This section is a summary about how to set up the kinematics with working tool length compensation. In the following picture, you can see this type of machine and all used joints, coordinate systems and points mentioned in the source code of the kinematics module.
In the picture the arrow of the joints indicates the direction where the number on the ruler on the machine increases. So if you command to drive in positive direction, the machine moves in reality in opposite direction of the arrow for joint 1, 2 and 3. Note that in the source code the joint numbers start from zero!
You get the equations which describe the kinematics by
- Going from the machine's origin to the "machine's point" via a) = the blue long vector b) = minus the green vector, -minus the red vector, orange vector, (black vector and purple vector)* Vector a) and b) must be equal -> this gives three equations - joint 4 and A are equal
*) Note: For kinematics equation calculation I ommited the tool offset in the first place and just used the vector from the absolute g-code coordinate system's origin to the "machine point". Later I substituted it with: back vector plus purple vector. I think this makes solving the equations easier and the source code more understandable.
The basic configuration of this machine was generated by stepconf by selecting the XYZA template. It has to be extended to XYZA(BC)UVW. B and C are not used. U, V, and W describe an offset in the tool's local coordinate system. X, Y and Z describe the tool tip's position in the absolute g-code coordinate system. A is the rotation of the tool tip around the x axis. This components and the joints are passed in and out of the kinematics module.
<kinematic module source code>
Note: The absolute W coordinate is stored in a joint in the inverse kinematic to have it at disposal in the forward kinematic. When the user changes the tool offset - with G43 H for example - then the interpreter changes the tool offset. Since the absolute W coordinate cannot jump - because it comes directly from a joint, and a joint cannot jump (except when homing) - the jump is made in the relative W coordinate. Normally one wants the absolute W coordinate to be the tool length. So a solution is to program G0 G53 W<tool length> to drive the absolute W coordinate to the tool length, then the relative W coordinate will be zero (if no other offsets are in place) - then one can also apply relative tool movements via U, V and W in the g-code program. Tool lengths are stored in the tool table in the W field.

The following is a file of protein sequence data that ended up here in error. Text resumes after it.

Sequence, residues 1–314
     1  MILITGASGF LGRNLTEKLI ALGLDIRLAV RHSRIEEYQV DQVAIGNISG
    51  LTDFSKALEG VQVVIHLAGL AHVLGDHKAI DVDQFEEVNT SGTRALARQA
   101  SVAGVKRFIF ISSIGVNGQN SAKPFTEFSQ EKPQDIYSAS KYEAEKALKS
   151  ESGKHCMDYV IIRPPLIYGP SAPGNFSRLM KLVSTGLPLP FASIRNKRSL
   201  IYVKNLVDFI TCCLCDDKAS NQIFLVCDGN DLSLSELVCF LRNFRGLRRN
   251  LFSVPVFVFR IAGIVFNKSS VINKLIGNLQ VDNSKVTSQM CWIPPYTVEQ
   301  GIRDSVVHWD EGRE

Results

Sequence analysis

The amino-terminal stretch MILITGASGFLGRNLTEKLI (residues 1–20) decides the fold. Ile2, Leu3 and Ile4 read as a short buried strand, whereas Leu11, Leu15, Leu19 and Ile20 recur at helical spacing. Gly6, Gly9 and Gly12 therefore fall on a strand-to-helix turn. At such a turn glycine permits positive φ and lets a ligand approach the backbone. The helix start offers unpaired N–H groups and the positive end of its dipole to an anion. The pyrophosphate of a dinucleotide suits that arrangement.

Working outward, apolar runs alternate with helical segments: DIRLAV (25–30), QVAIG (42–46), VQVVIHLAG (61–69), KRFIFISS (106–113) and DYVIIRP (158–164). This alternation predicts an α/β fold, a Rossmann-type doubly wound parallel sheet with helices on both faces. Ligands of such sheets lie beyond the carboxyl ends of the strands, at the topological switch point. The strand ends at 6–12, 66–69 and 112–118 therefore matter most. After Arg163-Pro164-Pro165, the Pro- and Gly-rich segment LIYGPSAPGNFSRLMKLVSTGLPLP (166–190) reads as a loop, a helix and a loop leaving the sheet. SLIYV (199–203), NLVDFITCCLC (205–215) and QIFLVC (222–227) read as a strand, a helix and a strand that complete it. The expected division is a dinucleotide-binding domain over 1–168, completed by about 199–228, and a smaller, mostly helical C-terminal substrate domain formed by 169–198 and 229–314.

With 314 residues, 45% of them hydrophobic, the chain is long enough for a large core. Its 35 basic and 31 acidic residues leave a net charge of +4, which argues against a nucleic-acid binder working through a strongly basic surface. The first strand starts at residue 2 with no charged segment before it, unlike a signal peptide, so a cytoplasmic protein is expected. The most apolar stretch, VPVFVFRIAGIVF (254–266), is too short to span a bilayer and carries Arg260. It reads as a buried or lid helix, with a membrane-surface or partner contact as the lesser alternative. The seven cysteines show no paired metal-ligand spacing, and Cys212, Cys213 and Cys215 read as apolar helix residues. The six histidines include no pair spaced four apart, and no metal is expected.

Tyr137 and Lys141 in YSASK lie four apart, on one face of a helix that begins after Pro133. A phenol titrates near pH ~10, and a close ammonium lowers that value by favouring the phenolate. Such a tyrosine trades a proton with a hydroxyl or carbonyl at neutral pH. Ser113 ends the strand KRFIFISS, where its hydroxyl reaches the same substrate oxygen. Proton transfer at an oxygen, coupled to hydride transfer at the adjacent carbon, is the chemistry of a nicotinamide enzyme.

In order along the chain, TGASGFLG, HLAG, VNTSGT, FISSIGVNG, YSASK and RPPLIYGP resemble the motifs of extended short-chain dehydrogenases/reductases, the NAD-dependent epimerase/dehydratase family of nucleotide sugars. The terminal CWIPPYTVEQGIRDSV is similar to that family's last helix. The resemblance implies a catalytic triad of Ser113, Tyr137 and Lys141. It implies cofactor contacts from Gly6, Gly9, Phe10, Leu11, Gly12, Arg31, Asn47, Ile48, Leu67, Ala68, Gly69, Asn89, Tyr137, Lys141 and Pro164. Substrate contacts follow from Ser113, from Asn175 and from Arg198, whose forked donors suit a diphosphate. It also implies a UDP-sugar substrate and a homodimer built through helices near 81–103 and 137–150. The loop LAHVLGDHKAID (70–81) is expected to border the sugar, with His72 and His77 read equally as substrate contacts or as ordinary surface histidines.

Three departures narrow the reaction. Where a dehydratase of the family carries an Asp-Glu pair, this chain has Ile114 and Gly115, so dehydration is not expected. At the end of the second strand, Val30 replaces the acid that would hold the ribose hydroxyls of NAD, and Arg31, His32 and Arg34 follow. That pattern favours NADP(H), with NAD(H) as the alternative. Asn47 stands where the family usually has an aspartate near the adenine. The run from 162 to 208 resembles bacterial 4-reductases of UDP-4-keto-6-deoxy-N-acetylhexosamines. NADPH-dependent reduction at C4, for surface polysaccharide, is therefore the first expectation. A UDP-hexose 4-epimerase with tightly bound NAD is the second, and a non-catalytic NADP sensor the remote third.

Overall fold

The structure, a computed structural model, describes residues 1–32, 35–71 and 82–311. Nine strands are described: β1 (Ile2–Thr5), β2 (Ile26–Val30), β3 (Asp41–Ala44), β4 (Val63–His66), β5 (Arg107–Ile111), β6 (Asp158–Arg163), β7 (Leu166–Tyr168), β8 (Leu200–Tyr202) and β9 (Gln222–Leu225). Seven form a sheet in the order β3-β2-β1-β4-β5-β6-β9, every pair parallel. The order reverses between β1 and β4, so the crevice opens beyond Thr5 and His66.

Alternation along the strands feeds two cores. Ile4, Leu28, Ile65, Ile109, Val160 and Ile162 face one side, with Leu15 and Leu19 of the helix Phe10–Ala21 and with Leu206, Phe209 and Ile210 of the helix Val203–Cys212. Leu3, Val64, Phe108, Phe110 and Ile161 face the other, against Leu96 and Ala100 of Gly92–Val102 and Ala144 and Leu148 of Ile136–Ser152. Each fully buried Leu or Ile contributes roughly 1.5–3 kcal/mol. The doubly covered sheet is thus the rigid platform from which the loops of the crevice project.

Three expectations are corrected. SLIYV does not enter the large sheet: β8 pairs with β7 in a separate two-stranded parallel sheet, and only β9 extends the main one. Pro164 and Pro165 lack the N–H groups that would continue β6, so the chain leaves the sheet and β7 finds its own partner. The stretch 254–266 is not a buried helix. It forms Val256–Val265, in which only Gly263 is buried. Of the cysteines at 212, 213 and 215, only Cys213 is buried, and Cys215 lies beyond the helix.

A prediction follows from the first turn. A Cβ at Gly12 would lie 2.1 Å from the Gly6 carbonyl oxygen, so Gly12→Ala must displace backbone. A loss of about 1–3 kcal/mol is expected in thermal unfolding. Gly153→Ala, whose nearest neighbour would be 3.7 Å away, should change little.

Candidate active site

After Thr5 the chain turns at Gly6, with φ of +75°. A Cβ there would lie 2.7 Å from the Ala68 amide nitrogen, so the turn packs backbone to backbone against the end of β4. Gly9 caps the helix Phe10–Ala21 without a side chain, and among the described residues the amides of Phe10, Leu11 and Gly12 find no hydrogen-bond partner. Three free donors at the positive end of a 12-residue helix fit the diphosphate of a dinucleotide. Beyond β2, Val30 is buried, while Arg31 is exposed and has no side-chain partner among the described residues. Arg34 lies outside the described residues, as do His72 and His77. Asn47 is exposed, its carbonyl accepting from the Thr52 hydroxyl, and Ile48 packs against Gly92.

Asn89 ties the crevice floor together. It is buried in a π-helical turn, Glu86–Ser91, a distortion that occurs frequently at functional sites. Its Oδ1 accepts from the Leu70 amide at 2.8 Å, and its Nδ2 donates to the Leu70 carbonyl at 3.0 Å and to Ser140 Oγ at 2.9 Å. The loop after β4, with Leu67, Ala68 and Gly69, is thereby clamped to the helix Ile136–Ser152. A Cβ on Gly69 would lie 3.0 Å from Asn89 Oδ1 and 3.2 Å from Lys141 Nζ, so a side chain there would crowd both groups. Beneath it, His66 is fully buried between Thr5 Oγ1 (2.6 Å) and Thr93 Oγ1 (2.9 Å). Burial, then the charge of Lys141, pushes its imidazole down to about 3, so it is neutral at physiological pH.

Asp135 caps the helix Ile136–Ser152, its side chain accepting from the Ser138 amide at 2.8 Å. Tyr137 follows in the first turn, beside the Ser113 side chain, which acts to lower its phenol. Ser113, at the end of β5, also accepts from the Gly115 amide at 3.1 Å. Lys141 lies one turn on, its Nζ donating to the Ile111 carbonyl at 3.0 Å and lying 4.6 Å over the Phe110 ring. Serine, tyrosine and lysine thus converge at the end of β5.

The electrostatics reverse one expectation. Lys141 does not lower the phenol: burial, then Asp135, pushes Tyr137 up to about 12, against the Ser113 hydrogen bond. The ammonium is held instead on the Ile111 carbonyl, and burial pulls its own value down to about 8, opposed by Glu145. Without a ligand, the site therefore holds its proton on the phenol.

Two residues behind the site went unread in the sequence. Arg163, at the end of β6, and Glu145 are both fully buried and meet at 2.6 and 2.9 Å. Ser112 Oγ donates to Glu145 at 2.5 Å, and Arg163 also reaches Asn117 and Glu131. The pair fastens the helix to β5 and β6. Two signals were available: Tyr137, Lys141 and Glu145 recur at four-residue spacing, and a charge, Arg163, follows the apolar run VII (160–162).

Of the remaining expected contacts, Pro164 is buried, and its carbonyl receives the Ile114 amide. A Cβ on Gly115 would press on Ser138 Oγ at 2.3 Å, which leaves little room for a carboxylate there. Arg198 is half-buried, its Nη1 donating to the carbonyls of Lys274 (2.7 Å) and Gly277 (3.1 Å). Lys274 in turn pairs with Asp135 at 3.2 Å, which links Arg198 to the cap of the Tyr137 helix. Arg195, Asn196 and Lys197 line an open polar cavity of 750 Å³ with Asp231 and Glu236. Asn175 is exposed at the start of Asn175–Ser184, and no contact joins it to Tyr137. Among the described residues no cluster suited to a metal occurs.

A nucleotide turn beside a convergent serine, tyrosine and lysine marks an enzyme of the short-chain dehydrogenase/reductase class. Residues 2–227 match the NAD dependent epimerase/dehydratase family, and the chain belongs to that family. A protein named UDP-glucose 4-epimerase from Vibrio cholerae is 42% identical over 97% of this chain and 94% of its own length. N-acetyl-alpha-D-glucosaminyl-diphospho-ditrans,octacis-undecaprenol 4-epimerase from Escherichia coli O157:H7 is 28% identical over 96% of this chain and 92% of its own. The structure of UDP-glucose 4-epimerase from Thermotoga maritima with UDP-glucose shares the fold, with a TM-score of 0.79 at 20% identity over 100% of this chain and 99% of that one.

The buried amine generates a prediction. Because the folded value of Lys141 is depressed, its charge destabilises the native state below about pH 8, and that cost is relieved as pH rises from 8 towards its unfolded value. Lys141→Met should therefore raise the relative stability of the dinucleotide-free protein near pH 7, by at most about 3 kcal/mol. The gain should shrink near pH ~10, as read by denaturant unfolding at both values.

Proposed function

Additional changes in the ini config file:
- you have to add the additional axes - you have to limit the max. rotational speed of the rotatory axis, because it seems that the trajectory generator ignores the max. speeds from the AXIS definitions. If for example A is 0 and one programs G0 A180, then not only joint 4 will rotate, but also joint 2 and 3 will move. If you do not limit the speed of the rotatory axis you will get "following errors" on joint 2 and 3. A suitable worest case estimation for me was: max speed of joint 4 * maximum tool distance from rotatory axis = max speed of joint 2 and 3. G-code programs work fine this way, also jogging in joint mode. In teleop mode I still often get following errors.
Additional changes in the hal file
- you have to compile the rot4thaxiskins with comp. - you have to load the this new kinematics modules in the hal file instead of the old one. loadrt rot4thaxiskins - you have to set the height of the rotatory axis with respect to the machine origin as a hal input to the kinematics module setp rot4thaxiskins.H1 41 - you have to connect the feedback pins of the new joints - otherwise you get following errros net upos-fb axis.6.motor-pos-cmd => axis.6.motor-pos-fb net vpos-fb axis.7.motor-pos-cmd => axis.7.motor-pos-fb net wpos-fb axis.8.motor-pos-cmd => axis.8.motor-pos-fb